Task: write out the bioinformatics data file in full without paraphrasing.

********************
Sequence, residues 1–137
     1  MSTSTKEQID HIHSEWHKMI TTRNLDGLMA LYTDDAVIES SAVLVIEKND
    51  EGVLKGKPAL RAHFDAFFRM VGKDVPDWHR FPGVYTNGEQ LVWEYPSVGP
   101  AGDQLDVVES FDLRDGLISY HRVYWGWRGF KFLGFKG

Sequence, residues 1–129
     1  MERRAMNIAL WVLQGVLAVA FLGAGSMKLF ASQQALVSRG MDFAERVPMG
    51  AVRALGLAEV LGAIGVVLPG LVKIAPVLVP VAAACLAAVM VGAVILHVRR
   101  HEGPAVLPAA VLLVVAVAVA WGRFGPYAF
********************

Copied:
Sequence, residues 1–137
     1  MSTSTKEQID HIHSEWHKMI TTRNLDGLMA LYTDDAVIES SAVLVIEKND
    51  EGVLKGKPAL RAHFDAFFRM VGKDVPDWHR FPGVYTNGEQ LVWEYPSVGP
   101  AGDQLDVVES FDLRDGLISY HRVYWGWRGF KFLGFKG

Sequence, residues 1–129
     1  MERRAMNIAL WVLQGVLAVA FLGAGSMKLF ASQQALVSRG MDFAERVPMG
    51  AVRALGLAEV LGAIGVVLPG LVKIAPVLVP VAAACLAAVM VGAVILHVRR
   101  HEGPAVLPAA VLLVVAVAVA WGRFGPYAF